SLAC Introduction to WWW

22 Dec 1995

SLAC Welcome Highlighted Home Detailed Home What's New Search Phonebook


o System Change: On the Migration to the New SLAC Page Design

Page Contents

What's the World Wide Web (WWW)?

The World Wide Web is a globally distributed software application that provides access to a wide range of information at SLAC and elsewhere around the earth. World Wide Web is also known as WWW, W3, or the Web.

Some Web information is presented as hypertext. With it you may not only read a screen from beginning to end, but also jump to related information from highlighted text like this if you select it with your mouse (if you're using a GUI interface) or enter the attached number ( if you're using a line-mode interface). When you come to the end of a WWW page, move the scroll bar down (GUI) or press the "enter", or sometimes the "return", key (line-mode) to get to the next page.

WWW provides access to many information sources other than hypertext screens. You may directly query data bases like SPIRES and Oracle, view USENET news items and plain text files, explore FTP, Gopher, and other network information systems, look at images and movies, listen to speeches, and invoke commands--as these sources have been made accessible to WWW. Material from remote locations is retrieved over the Internet and may actually reside almost anywhere in the world. The point of origin is often not directly communicated to you.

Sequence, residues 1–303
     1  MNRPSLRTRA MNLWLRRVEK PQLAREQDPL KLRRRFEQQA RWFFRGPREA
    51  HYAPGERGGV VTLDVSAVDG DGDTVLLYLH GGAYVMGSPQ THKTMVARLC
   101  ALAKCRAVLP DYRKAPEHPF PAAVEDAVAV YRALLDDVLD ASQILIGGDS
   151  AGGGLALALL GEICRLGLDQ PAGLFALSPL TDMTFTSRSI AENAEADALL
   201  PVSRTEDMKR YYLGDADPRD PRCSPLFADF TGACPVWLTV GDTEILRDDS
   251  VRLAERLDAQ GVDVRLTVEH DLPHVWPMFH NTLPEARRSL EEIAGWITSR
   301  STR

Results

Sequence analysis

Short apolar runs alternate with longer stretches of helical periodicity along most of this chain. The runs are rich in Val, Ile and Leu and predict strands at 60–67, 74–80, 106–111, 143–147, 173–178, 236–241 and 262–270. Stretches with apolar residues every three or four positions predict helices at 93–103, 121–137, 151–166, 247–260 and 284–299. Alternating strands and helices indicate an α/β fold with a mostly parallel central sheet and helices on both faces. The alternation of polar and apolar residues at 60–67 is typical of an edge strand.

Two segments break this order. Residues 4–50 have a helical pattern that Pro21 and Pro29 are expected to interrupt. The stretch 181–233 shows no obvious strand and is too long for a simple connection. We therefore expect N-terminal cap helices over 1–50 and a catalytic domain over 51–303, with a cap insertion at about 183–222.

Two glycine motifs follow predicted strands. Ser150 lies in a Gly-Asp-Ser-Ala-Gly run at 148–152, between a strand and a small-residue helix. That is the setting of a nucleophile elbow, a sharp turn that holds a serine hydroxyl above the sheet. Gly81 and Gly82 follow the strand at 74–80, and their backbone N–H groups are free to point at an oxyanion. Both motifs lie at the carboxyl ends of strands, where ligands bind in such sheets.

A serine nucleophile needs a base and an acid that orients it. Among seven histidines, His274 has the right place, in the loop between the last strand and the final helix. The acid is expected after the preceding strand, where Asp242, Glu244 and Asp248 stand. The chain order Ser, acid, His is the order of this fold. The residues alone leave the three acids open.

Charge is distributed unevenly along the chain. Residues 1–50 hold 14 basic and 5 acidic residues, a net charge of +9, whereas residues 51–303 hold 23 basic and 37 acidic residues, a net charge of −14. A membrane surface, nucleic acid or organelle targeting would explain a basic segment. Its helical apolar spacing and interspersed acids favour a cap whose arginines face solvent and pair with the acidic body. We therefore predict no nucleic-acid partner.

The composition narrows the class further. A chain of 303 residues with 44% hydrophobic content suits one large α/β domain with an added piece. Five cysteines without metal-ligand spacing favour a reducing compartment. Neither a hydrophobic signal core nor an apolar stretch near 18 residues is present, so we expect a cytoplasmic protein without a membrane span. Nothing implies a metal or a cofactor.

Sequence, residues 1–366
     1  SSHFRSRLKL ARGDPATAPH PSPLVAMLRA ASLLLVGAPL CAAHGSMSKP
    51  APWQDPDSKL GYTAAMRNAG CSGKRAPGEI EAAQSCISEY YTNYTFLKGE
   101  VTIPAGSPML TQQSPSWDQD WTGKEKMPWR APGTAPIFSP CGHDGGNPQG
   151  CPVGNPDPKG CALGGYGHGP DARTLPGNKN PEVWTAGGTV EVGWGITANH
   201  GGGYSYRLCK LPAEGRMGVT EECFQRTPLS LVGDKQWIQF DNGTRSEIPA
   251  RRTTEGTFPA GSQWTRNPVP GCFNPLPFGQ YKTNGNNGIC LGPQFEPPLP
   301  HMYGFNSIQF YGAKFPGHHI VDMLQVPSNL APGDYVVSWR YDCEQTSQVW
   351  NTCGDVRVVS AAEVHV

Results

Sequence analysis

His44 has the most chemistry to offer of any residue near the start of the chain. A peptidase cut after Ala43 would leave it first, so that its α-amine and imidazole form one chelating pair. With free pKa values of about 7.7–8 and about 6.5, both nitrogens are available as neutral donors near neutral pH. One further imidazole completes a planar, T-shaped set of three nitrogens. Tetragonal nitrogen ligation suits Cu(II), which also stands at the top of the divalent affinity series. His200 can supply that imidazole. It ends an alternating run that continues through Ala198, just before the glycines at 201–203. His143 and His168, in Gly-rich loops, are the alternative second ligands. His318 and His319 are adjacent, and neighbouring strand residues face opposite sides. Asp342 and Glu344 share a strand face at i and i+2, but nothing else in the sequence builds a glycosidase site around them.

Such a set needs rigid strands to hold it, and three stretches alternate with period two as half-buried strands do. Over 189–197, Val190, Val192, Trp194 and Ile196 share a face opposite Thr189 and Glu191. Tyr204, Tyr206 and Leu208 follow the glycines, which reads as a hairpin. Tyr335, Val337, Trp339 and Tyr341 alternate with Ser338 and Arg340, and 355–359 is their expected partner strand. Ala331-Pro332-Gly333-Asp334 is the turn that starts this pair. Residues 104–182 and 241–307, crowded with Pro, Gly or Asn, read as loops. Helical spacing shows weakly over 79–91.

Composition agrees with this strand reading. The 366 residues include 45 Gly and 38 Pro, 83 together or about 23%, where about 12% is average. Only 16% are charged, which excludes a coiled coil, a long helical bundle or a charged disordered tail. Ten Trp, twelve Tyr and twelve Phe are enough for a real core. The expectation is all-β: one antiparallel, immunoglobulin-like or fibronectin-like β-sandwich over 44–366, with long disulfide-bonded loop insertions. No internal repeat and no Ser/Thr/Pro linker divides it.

WWW is a highly distributed, client-server application. You use a client called a "browser" (like Mosaic) to see WWW information. Several browsers are available at SLAC, which support GUI or line-mode style for various platforms including Macintosh, PC, UNIX, and VMS.

N.B.: World Wide Web information is particularly dynamic. Over time links may move around on a page, migrate to others, or be removed entirely as more appropriate locations are found, links become obsolete, or they are superceded by improved ones.

SLAC Core Pages